I spent the entire month of September, National Lymphoma Month, trying to bring awareness to lymphoma as well as other blood cancers. My cancer, Hodgkin’s Lymphoma makes up just 1% of all cancer diagnosis. So it only makes sense that not many people know just what lymphoma is.
But as time goes on, an even bigger awareness is needed. Many cancers are now very treatable and curable. Hodgkin’s has a very high cure rate, but it is not good enough, and it is not safe enough. In any case, many survive Hodgkin’s Lymphoma, often just to have to deal with a secondary effect, if lucky, just one. Over all, there are over 12 million cancer survivors and the number is expected to grow.
But just like people being unaware of Hodgkin’s, there is also an unawareness of cancer survivors.
I was meeting with the Survivor Committee for our local Relay For Life. And a disappointing number was revealed. The number of survivors attending the RFL have dropped nearly 50% over the last few years. Together, we tried to figure out why. In a perfect world, less people might just be getting diagnosed with cancer. Perhaps cancers now are crossing over into other illnesses such as cardiac or lupus or MS (or any others) and simply the events now conflict with each other.
As a long term cancer survivor, I offered this observation. For the first few years of my survivorship, I had the constant reminder of being a cancer patient/survivor because I had follow up appointments to get to. Cancer was still a part of my life and it meant something to me to participate in Relays because I was surrounded by others who had gone through cancer. But once I hit the magic five-year mark, my oncologist forgot about me. And so, that became an opportunity for me to forget about cancer. That is, until my late effects hit me many years later.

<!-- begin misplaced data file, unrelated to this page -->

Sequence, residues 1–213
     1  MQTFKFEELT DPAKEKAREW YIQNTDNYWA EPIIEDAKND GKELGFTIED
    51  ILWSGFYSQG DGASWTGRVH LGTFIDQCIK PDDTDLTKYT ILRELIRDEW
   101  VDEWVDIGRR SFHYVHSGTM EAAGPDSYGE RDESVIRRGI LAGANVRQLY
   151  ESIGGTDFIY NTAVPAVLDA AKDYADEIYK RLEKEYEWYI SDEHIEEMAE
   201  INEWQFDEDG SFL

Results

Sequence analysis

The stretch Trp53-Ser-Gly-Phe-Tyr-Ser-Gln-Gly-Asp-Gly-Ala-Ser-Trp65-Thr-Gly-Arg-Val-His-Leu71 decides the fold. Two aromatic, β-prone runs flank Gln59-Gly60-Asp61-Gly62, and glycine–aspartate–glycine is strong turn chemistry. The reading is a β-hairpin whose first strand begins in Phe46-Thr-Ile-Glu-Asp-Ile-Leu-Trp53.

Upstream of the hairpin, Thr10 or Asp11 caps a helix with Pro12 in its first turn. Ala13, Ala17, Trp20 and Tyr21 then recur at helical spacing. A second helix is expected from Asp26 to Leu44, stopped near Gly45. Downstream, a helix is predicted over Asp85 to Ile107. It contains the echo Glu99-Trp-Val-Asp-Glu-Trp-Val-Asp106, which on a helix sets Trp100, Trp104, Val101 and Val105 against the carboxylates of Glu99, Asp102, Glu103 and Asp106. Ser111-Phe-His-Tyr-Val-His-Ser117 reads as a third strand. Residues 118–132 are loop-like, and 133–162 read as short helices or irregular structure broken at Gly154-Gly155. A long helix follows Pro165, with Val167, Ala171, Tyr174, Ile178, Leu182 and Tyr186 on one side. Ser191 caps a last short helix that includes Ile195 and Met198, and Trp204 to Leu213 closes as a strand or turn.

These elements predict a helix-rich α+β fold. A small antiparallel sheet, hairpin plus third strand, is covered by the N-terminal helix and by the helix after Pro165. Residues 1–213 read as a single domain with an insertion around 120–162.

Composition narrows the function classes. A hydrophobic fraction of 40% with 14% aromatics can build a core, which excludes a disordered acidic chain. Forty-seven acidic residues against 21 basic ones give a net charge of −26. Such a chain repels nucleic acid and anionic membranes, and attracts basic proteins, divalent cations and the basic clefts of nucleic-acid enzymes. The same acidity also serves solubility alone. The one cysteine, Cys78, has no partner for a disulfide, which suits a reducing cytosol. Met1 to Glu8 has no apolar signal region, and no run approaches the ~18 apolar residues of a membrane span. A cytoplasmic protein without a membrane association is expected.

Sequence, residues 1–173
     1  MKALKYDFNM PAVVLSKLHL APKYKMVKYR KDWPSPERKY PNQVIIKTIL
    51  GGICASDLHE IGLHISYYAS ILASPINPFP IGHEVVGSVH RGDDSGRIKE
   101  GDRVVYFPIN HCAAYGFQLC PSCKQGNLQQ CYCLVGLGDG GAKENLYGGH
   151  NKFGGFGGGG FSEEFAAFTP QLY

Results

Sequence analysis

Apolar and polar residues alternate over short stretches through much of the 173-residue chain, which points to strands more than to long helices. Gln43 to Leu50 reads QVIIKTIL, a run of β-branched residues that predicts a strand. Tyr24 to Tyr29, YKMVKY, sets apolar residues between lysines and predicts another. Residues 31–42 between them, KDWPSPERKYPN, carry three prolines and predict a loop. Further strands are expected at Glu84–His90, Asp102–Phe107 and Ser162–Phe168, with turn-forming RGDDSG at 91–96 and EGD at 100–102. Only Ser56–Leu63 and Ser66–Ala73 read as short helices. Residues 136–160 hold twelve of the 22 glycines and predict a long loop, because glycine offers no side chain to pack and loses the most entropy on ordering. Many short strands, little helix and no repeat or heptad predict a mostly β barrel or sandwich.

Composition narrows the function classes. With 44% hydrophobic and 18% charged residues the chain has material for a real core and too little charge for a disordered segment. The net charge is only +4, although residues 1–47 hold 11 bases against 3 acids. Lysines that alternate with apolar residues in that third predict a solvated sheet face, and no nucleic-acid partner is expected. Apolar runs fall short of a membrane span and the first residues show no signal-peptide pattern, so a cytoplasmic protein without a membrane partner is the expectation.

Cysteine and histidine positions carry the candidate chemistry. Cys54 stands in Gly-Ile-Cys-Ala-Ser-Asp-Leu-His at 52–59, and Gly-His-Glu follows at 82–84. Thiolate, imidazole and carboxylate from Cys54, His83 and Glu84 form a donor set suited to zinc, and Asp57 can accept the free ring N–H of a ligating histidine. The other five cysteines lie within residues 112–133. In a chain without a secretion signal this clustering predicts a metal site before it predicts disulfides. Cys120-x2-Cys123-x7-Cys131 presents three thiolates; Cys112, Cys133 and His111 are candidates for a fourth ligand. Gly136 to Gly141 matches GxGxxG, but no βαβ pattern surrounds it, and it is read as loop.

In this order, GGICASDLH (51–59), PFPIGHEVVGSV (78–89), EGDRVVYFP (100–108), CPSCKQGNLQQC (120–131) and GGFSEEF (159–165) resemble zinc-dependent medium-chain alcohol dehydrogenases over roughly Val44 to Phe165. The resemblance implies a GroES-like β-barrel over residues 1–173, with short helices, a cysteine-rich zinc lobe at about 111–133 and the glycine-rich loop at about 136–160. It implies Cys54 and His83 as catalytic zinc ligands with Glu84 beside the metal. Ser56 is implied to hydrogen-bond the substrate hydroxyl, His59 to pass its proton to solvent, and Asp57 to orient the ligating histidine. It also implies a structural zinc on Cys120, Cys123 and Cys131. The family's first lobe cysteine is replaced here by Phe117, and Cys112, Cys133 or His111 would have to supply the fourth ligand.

Today, protocols are now in place not to let cancer survivors be forgotten. The American Cancer Society views a cancer patient as a survivor from the moment a patient is diagnosed.
So while that is a great concept, and the desire is there to get and keep survivors involved with the Relay, there is an even bigger population who has been forgotten. And this could be for the very same reason I mentioned earlier with the added fact that those in our lives have also moved on without cancer presently in our lives.
When you have lost so many in your life, in my life 5 immediate family members to cancer not to mention the countless friends and acquaintances over the year I have met, survivorship is a big thing. And not just because you beat cancer. But many survivors have a bigger issue ahead of them. We were not expected live so long after our cancer treatments. BUT WE DO!!! That is the good. The bad is that we are living long enough to have outlived the research that had been done to determine late developing side effects, some very serious, if not fatal.
We need to get and keep survivors involved in things like the Relay For Life. After tall, this is your moment, to remind you that you have not been forgotten. This is your reminder that there is help available for the many things that are going on with your body that neither you or your doctors understand.
There are over 12 million of us, SURVIVORS. It is time to become aware that we exist. And we need help too.